Monday, January 29, 2007

benefits in kind.

Thomas Aquinas
became a saint on
a Wednesday afternoon.

On Monday morning,
he was jogging, shopping,
and his wrist watch stoppd ticking.

He didn't notice,
but it happened at the
same moment he stoppd
to tie his left shoe.

St. Aquinas didn't normally
prefer footwear with laces.
But on Mondays
his professional regimen requird
him to stretch beyond
his personal preferences.

Mondays are daisy days
at his local florist.

And he bought
three pink ones to get
three more orange ones
half off.

Three flowers for his
right-handed clergymen.
Three flowers for his
left-handed choir boys.
Those boys just liked pink.

Those men did not
very much like orange,
but they refrained from
speaking their minds
when St. Thomas was
in the room.

Sitting at a table
with three square edges
and one rounded one,
the elder clergymen
knew their place.

They each had their
own square edge,
and they knew
their corners separated them.

Thomas did not
become a saint for sitting
at a table with
one rounded edge.

When his watch stoppd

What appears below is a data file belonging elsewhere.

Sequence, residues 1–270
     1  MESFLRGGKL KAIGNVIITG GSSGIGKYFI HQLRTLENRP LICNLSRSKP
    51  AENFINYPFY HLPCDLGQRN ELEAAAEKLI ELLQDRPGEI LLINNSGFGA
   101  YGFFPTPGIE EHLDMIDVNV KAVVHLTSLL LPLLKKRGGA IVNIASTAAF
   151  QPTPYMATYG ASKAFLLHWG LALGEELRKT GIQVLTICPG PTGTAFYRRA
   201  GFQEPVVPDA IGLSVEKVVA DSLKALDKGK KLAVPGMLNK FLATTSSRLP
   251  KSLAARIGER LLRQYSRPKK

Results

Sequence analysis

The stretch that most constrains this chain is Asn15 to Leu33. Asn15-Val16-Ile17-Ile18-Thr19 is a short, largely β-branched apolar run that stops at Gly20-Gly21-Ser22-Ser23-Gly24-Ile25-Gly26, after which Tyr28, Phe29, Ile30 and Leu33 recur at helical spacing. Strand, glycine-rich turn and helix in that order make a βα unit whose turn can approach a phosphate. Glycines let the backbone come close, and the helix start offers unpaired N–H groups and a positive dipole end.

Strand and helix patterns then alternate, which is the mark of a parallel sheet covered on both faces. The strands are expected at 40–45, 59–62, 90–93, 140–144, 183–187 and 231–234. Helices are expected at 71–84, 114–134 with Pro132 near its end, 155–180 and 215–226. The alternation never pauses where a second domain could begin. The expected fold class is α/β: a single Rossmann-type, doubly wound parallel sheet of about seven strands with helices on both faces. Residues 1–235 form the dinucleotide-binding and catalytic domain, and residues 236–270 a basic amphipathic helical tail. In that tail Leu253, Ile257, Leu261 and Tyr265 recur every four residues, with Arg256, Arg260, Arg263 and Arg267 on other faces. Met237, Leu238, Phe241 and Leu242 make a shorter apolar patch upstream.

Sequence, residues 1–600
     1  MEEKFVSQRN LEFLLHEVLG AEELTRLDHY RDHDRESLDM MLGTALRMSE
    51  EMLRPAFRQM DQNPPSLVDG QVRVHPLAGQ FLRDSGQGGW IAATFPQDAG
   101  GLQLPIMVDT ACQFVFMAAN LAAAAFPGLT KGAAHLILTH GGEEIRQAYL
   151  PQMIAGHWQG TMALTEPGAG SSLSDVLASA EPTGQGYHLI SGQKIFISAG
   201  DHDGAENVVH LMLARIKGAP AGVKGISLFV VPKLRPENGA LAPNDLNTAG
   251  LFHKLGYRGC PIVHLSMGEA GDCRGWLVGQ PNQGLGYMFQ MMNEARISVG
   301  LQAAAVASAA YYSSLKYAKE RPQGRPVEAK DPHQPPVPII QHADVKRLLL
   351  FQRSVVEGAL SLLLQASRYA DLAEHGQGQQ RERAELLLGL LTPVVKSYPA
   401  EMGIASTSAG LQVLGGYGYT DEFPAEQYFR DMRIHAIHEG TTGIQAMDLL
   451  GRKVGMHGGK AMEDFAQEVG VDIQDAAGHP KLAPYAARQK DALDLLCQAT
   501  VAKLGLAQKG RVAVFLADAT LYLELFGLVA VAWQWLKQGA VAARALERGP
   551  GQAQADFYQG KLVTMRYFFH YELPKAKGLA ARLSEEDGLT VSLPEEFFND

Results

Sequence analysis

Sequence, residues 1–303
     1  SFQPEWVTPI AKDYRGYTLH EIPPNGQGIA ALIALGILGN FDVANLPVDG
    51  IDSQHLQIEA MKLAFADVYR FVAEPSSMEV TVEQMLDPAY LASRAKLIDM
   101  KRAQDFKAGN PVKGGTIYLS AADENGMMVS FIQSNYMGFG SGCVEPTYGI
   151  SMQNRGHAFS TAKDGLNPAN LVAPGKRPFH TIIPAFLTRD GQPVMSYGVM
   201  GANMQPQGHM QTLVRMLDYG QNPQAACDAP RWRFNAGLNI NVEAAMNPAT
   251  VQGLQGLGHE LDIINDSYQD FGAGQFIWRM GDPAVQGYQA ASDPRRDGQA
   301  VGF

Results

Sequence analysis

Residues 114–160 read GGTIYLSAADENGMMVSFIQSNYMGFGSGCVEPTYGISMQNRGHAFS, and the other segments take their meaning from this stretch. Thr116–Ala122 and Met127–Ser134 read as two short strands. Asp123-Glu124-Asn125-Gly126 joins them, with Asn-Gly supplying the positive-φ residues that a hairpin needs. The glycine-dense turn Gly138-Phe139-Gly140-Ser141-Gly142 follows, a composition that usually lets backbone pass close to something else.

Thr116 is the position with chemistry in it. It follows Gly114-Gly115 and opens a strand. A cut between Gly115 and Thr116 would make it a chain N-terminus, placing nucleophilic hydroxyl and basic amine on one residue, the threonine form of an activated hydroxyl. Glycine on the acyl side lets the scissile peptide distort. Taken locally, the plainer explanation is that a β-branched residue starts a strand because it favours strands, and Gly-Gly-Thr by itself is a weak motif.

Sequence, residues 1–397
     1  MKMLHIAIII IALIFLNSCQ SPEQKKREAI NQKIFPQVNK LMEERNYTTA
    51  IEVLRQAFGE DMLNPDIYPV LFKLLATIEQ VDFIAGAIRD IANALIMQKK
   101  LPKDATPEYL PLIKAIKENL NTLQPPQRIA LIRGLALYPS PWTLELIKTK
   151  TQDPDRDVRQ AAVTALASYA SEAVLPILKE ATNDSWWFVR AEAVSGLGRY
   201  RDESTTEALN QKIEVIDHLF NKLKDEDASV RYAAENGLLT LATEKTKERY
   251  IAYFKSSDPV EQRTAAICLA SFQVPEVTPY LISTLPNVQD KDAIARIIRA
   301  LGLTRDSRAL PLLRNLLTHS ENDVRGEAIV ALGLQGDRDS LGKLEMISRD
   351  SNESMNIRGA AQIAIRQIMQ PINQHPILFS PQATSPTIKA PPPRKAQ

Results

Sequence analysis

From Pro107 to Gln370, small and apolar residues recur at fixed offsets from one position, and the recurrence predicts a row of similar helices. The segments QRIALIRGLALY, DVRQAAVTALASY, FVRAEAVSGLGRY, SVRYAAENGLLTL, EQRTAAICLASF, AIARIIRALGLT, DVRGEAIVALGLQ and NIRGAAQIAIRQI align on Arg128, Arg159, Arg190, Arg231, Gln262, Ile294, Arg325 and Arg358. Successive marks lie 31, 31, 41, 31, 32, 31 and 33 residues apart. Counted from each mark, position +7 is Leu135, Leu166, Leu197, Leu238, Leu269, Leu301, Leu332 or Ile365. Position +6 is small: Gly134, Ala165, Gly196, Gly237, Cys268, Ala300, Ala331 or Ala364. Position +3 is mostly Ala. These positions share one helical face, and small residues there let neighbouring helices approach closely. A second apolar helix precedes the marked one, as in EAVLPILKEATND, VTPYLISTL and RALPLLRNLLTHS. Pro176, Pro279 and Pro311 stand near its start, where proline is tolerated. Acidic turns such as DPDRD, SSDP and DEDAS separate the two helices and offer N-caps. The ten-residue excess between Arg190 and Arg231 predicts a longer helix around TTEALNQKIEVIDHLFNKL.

keeping up with the crystal quartz,
he knew he needed
more curves in his daily bread.

He wondered if
atomic clocks give
radiation poisoning.

On Tuesday
he skipped the florist
and went to the jewellers.

The jeweller always
makes faces when you
enter the shop merely
to replace a battery.

To save face,
Thomas Aquinas bought
three watches and three necklaces.

Three square clock-pieces
for his right handed clergymen.
Three discount silver medallions
for his lefthanded choir boys.

Those men did not
very much like their square watches,
because, honestly,
it betrayed their understanding
of God's infinity,
but they refrained from
speaking their minds
when St. Thomas brought them
their presents.

Those boys, though,
knew exactly how
to hang silver
around their supple necks.

Those mezzo-sopranos,
those sweet things,
didn't even turn green
with that cheap silver alloy
resting on their throats.

On Wednesday,
Thomas Aquinas bought
a new table to bring
to the office.

The table was circle,
but he specified a
geometric chord
to be removed,
squaring one side.

Sitting around the table
with his three elder clergymen,
he noticed how
this new dynamic
changed their conversations.

He took a step down,
as the new circumference
of the table took
one and one and one
and made Three.

The trinity became
a single spirit at
this new table.

He found humility
on this Wednesday
at the office.

Thomas Aquinas,
the patron saint
of geometry.

Thomas Aquinas,
the patron saint
of corporate benefits in kind.


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